The EU Corporate Sustainability Reporting Directive (CSRD) Explained

Passed by the European Union Council in November 2022, the Corporate Sustainability Reporting Directive (CSRD) was designed to make corporate sustainability reporting more prevalent, consistent, and standardized. It replaces the EU’s Non-financial Reporting Directive (NFRD), which was first adopted in 2014, and requires companies that fall within its scope to report on certain ESG data.

Under the CSRD, qualifying EU businesses will be required to report on material ESG impacts. This sweeping legislation aims to “modernize and strengthen” the rules surrounding what social and environmental information are required to report and gives investors and other stakeholders key information for financial decision-making.

In this article, we’ll break down the basics of the CSRD, including:

  • Affected companies
  • CSRD requirements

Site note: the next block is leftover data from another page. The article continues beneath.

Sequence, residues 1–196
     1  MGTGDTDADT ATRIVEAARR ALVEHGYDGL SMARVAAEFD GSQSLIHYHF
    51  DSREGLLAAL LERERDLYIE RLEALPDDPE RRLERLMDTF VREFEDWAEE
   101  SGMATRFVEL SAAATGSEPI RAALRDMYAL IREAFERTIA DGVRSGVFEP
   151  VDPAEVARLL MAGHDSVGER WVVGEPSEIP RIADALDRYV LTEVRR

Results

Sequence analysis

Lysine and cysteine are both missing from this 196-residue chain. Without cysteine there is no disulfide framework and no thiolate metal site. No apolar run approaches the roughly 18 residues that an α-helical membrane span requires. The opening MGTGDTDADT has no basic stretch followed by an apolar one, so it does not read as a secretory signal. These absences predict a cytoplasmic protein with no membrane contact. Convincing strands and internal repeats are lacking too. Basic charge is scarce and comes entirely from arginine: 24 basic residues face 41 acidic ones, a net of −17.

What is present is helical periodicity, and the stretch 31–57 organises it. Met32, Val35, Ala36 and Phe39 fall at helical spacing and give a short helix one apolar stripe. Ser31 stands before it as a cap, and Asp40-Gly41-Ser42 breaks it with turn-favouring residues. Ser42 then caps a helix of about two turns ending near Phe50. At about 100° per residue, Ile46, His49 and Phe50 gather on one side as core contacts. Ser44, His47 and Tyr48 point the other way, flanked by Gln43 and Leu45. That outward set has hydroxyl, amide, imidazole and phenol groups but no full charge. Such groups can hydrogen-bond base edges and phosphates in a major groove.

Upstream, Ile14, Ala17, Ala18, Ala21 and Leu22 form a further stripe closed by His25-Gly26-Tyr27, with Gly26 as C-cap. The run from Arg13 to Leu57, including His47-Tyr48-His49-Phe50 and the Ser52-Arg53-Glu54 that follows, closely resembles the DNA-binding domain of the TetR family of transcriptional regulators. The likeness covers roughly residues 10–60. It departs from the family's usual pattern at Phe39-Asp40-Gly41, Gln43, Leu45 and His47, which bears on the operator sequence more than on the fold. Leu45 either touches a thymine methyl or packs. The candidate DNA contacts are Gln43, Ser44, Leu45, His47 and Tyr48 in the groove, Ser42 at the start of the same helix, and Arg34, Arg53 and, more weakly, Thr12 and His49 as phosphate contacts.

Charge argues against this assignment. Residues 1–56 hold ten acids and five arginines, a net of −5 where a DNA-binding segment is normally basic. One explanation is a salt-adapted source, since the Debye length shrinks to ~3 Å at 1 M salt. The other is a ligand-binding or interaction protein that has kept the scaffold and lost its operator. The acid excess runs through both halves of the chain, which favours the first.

• Required assurance standards
  • Enforcement measures
  • Timeline for implementation

Who does the CSRD apply to?

There are four broad groups that are impacted by the new CSRD rules:

  • Companies already subject to the NFRD: Companies that were already required to publish information under the NFRD should continue under the CSRD. Broadly, this includes more than 11,000 large “public-interest entities” with more than 500 employees, such as listed companies, banks, and insurance companies in the EU.
  • Large EU companies: As defined by the EU, this includes companies that meet at least two of the following criteria: 1) balance sheet over €20 million, 2) net turnover over €40 million, and 3) more than 250 employees.
  • Companies trading on EU regulated markets: Any small- or medium-sized company with securities listed on an EU regulated market falls under this umbrella. “Micro-companies”1 are exempt.
  • Non-EU companies with a net turnover of more than 150 million in the EU and an EU branch or subsidiary: This applies to non-EU companies with a net turnover of more than €150 million at the group level or individual level in the EU for each of the last two consecutive financial years. Any company that meets this criteria and has an EU subsidiary or branch (meeting one of the three criteria above) in the EU with a net turnover over €40 million in the preceding financial year is required to report under the CSRD.